Big Blue presents a nice selection of these (mostly) classical mythology themed stamps. Included are four issues from the 1899 British Sphere Administration stamps. But there are 18 additional stamps from the 1899 Russian Sphere of Administration that are not in Big Blue, and could be collected.

And, forced by a blank space, Crete presents us with a 1909 Scott 97 5l on 20l carmine rose for $120+ ! But Crete mostly has reasonable stamp values (<$1-$1+), that should not be a drain on the treasury.

Other than the Russian stamps, I only found four additional stamps that would fit a Big Blue collector's modest wallet. Good job Big Blue!

Additionals....
District of Rethymnon Russian Sphere
1899 Poseidon's Trident
14,15,16,17,18,19,20,21,22,23,24,25,26,27,28,29,30,31,(<$1)
Note: 18 stamps! Series not in BB.


Issued by Cretan Government
1900
60,61,($1+-$2+)

1905
79($2+)

Postage Due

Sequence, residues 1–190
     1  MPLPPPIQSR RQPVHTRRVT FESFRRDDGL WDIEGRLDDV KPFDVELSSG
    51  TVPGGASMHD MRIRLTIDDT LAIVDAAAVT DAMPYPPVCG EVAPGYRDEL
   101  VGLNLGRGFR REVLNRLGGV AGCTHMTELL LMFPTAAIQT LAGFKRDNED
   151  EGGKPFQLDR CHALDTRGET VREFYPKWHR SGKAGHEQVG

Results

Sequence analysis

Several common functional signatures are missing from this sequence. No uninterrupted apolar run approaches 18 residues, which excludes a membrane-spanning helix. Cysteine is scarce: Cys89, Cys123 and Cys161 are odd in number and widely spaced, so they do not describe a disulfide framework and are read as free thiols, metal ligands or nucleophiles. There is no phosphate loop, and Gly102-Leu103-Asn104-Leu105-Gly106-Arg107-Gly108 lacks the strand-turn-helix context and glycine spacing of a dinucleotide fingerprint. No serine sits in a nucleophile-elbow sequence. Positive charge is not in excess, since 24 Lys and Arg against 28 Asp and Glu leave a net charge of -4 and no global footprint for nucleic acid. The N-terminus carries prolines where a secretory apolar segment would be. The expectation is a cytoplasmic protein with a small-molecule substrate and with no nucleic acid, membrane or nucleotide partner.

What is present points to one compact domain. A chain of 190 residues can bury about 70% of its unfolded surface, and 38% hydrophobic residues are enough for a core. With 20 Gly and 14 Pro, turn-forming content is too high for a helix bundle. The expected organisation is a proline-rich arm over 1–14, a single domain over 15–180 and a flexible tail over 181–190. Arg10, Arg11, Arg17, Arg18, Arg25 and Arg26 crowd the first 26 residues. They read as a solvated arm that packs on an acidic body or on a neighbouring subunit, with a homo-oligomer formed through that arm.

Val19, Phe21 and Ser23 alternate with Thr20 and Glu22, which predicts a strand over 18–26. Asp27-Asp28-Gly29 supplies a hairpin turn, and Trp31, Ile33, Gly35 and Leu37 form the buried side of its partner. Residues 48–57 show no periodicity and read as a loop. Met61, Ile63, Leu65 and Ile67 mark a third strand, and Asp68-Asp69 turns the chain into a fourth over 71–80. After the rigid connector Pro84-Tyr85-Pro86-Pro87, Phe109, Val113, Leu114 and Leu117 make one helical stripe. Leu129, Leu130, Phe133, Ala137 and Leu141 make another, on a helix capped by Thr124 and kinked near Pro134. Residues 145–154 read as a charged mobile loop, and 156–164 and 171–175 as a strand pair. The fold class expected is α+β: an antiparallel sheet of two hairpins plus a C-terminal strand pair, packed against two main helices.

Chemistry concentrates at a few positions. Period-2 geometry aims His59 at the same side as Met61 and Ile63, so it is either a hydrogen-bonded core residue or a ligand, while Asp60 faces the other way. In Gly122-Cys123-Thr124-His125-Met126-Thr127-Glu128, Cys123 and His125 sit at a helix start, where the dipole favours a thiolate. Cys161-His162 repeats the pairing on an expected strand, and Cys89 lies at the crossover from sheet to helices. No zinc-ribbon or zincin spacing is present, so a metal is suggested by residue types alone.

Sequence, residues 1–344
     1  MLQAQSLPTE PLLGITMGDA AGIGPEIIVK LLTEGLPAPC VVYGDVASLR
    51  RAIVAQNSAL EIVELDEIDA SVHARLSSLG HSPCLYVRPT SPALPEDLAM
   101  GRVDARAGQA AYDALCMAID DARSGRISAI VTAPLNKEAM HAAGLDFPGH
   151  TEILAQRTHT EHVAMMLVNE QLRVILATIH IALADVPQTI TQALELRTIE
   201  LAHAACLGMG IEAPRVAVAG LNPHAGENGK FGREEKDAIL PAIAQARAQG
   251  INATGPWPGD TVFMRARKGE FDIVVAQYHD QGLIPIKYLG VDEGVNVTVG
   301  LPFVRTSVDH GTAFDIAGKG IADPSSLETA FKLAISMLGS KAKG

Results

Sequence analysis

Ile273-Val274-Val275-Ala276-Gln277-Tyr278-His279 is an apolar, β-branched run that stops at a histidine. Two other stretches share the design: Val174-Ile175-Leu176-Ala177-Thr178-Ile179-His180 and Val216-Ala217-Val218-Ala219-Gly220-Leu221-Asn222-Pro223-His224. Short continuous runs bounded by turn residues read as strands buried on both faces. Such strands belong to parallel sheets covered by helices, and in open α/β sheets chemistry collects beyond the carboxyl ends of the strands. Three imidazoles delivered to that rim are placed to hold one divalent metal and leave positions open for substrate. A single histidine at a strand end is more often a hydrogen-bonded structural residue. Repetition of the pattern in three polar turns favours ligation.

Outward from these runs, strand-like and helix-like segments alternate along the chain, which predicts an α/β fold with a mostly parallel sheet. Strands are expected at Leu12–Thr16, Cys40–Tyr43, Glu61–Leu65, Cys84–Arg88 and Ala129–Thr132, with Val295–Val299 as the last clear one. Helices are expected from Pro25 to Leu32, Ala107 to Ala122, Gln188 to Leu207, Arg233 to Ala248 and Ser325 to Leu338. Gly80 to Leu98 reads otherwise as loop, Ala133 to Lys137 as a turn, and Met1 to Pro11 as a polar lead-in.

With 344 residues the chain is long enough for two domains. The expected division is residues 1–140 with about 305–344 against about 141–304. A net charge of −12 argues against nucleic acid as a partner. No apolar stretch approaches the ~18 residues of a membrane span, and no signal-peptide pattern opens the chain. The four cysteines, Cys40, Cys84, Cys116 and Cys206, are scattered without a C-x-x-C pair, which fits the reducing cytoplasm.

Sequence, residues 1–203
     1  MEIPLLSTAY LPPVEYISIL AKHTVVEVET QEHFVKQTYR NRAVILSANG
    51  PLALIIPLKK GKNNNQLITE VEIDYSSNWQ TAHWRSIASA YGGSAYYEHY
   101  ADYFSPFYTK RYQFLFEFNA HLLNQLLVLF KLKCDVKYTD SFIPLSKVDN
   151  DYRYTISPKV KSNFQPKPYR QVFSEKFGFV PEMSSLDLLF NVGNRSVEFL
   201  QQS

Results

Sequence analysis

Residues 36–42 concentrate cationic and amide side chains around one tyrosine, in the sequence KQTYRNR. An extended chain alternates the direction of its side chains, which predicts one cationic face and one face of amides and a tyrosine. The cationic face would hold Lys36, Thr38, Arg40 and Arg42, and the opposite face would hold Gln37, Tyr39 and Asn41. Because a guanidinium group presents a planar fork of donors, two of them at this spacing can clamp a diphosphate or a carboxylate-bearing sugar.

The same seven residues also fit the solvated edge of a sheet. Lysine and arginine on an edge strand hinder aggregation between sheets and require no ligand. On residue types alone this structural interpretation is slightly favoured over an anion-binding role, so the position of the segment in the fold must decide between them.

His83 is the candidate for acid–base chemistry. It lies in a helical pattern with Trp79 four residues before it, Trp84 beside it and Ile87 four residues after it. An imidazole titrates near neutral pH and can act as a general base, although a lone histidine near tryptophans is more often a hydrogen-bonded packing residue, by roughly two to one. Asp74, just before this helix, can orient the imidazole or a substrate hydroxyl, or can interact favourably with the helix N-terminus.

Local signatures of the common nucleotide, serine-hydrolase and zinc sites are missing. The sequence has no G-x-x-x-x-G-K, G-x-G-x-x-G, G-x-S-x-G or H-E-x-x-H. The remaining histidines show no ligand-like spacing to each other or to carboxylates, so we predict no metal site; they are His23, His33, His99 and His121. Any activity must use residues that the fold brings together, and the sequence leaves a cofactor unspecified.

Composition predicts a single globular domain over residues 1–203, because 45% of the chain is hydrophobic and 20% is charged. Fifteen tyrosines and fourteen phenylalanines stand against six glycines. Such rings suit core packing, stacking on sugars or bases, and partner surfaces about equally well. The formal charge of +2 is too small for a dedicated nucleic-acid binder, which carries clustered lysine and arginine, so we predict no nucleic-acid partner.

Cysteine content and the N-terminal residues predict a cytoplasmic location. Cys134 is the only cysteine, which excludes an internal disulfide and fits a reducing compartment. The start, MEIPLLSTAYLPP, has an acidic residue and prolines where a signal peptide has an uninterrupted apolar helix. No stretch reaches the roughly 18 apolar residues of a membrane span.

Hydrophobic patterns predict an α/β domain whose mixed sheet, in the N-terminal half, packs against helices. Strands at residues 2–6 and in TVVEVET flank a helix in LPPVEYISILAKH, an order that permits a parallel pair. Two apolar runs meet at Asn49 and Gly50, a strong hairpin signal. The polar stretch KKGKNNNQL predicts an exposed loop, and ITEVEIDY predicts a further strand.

1901
J4($1+)

1905 Scott 77 20l blue green 
"Kydon and Dog" (Cydonia Coin)
Big Blue Checklist
District of Heraklion (Candia) British Sphere
1898-1899
2,3,4,5,($2+)

Issued by Cretan Government
1900
50,51,52,53($1+),54*,59($1+), (<$1 eN)
*Note: 54 red O.P., 59 black O.P.
eN=except noted

1901 (without O.P.)
64,65,66,(<$1)
Blank space: suggest 70($10+)

1902
72($1+)

1904
73($1+)

1905
74,75,76,77($1+),78($1+),(<$1 eN)

1907
83($1+)

1908 (1900-1907 stamps overprinted black)
85,86,87,88,89,90($2+),(<$1 eN)

1909 (overprinted or surcharged)
96(<$1),98($1+),99($1+),100($1+),101($1+),102($1+)
Blank space*: suggest 1909 Scott 97 5l on 20l carmine rose ($120+ mint)!
*Note: Scott 97 by default; no other choice. Other 1909 stamps do not fit the space. If you want to "cheat" ;-) consider 1908 Scott 91 50l yellow brown($2+).

1909 (1900-07 stamps overprinted)
103($1+),104($1+),105($2+),106($5+)

1909-10 (overprinted in red or black)
111,112,113,114,115,116,117($5+),(<$1 eN)